Kara Walker: My Complement, My Enemy, My Oppressor, My Love

Kara Walker, Darkytown Rebellion, 2001. Cut paper and projection on wall, 14 x 37 ft. (4.3 x 11.3 m) overall. Musee d’Art Moderne Grand-Duc Jean, Luxembourg. Photograph courtesy the artist and Sikkema Jenkins & Co., New York

On view now at the Whitney Museum of American Art in New York are more than 200 works by Kara Walker, featured artist in Season Two of Art:21—Art in the Twenty-First Century, in her career retrospective exhibition entitled My Complement, My Enemy, My Oppressor, My Love.

The show presents a comprehensive grouping of Walker’s work to date, featuring paintings, drawings, shadow puppetry, light projections, and video animations. These examine notions of the raw intersection of race, gender, and sexuality through iconic, silhouetted figures, which offer an extended contemplation on the nature of figurative representation and narrative in contemporary art.

While Walker draws inspiration from sources like the antebellum South, testimonial slave narratives, historical novels, and minstrel shows, she generally conflates fact and fiction to uncover the living roots of racial and gender bias.

The complexity of her imagination and her meticulous command of art history have caused her silhouettes to cast shadows on conventional thinking about race representation in the context of discrimination, exclusion, sexual desire, and love. “It’s interesting that as soon as you start telling the story of racism, you start reliving the story,” Walker says. “You keep creating a monster that swallows you. But as long as there’s a Darfur, as long as there are people saying ‘Hey, you don’t belong here’ to others, it only seems realistic to continue investigating the terrain of racism.”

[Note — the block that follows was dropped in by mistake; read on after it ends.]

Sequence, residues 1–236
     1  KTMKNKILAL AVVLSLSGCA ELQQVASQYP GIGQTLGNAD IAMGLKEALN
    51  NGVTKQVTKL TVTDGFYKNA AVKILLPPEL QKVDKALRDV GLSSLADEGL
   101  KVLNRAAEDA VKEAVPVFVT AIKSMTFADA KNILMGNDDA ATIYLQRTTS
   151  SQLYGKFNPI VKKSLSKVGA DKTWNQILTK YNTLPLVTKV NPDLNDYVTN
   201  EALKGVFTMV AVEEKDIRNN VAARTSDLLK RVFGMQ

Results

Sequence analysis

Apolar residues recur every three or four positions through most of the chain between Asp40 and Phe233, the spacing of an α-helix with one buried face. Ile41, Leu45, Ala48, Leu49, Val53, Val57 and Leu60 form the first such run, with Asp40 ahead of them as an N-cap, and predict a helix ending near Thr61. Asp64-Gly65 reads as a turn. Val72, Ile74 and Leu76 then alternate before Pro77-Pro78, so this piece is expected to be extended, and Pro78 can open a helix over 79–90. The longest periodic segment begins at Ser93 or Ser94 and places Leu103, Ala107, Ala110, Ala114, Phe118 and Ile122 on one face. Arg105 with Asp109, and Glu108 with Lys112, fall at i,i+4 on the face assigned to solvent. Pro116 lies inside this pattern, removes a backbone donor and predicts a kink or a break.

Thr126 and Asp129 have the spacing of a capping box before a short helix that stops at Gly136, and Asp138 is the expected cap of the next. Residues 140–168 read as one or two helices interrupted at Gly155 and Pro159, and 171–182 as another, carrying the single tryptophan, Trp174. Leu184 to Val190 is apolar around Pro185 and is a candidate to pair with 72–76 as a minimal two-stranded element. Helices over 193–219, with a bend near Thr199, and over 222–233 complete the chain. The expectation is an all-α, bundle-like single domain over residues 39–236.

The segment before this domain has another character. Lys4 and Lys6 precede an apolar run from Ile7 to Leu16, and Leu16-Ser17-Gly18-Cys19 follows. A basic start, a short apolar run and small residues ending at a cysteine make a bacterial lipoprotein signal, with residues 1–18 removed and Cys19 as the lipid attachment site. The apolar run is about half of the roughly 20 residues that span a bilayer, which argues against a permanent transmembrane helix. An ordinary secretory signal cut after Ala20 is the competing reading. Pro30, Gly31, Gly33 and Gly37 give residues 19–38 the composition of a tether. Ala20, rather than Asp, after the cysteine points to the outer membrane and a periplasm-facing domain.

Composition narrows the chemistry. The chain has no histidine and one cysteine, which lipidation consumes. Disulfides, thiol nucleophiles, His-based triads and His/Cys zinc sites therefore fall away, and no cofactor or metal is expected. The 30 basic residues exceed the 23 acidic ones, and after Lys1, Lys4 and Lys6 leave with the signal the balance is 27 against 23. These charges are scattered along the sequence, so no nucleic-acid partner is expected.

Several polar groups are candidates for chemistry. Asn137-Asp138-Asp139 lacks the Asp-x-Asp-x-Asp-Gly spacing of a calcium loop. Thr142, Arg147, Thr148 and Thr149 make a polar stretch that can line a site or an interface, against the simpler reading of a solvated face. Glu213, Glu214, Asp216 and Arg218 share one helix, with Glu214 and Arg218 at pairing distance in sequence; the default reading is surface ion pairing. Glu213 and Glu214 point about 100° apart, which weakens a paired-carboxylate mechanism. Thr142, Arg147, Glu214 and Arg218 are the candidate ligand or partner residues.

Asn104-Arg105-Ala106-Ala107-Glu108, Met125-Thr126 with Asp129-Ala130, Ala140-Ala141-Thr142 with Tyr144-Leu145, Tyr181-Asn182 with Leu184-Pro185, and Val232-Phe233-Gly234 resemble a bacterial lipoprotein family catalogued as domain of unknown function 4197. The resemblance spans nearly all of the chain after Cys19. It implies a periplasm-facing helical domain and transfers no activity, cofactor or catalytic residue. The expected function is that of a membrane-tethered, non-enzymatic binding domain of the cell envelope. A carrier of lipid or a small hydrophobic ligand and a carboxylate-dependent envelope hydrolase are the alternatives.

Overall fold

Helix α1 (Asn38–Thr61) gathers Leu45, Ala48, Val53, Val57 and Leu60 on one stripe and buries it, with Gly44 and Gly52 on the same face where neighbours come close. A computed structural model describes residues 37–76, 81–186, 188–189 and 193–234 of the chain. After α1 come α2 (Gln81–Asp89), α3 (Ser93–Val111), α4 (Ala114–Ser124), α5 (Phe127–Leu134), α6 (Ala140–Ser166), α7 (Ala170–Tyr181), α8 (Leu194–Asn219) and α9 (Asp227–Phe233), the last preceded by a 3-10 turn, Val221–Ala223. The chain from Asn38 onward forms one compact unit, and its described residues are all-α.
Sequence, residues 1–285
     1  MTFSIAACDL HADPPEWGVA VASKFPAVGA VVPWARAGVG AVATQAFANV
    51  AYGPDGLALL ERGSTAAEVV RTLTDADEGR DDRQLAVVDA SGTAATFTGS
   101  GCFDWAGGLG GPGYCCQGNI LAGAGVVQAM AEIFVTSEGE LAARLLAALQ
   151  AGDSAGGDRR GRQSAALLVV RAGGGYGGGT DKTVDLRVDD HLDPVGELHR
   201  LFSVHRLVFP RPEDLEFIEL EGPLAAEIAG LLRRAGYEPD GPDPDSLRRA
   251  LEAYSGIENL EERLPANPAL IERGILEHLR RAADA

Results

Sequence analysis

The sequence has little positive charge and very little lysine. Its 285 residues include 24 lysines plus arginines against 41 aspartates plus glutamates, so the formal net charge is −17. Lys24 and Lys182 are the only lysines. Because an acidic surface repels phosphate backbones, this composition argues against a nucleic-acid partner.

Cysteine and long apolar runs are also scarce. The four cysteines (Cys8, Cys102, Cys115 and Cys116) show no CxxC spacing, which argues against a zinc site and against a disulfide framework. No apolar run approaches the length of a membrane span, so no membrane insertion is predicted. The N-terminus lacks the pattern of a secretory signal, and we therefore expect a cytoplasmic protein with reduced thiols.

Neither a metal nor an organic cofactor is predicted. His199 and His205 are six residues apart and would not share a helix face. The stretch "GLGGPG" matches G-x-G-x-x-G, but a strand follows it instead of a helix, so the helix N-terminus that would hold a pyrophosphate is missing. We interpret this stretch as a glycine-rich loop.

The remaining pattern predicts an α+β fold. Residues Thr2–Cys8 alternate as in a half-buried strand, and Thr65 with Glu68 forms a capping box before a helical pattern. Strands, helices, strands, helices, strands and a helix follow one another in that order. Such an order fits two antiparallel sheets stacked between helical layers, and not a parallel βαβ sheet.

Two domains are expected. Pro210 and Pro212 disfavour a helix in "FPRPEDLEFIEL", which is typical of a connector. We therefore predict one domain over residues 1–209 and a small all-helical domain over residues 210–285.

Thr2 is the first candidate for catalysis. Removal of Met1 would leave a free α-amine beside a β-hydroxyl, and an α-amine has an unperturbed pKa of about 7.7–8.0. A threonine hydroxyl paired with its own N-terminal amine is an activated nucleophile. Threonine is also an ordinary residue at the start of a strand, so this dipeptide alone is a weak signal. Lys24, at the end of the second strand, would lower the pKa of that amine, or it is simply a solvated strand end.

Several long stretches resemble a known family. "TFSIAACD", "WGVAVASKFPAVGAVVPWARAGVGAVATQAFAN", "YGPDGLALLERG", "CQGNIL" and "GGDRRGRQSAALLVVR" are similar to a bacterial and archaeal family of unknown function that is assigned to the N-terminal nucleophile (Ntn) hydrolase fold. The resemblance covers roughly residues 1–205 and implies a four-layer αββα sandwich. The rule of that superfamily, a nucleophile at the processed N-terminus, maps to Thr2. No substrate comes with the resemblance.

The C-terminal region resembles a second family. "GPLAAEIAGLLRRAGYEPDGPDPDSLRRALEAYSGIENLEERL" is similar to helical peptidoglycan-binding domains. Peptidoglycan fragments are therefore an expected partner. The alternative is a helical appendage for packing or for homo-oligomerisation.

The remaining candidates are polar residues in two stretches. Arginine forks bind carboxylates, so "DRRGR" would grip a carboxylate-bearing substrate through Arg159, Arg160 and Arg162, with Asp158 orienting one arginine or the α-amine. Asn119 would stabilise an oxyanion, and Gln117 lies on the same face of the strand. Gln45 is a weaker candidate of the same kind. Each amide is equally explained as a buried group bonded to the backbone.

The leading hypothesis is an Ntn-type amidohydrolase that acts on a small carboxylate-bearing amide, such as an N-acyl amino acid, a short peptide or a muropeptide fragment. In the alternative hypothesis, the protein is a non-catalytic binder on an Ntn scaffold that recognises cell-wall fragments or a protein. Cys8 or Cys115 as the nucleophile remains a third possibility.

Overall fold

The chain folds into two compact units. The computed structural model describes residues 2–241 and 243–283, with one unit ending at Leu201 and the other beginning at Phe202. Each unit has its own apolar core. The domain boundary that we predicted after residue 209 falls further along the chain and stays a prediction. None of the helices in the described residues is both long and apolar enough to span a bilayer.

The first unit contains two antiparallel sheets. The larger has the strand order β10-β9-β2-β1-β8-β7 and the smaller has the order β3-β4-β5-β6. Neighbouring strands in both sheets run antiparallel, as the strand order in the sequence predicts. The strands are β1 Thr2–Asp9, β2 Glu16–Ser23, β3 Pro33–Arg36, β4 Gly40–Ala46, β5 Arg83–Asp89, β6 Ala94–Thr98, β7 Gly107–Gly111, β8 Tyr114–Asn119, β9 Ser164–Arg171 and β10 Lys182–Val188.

First premiering at the Walker Art Center in Minneapolis, this exhibition, organized by Philippe Vergne and Yasmil Raymond at the Walker in close collaboration with the artist, will be at the Whitney through February 8, 2008, after which it will travel to UCLA’s Hammer Museum in Los Angeles from March 2-June 8, 2008.

Read more about the Whitney’s exhibition here.


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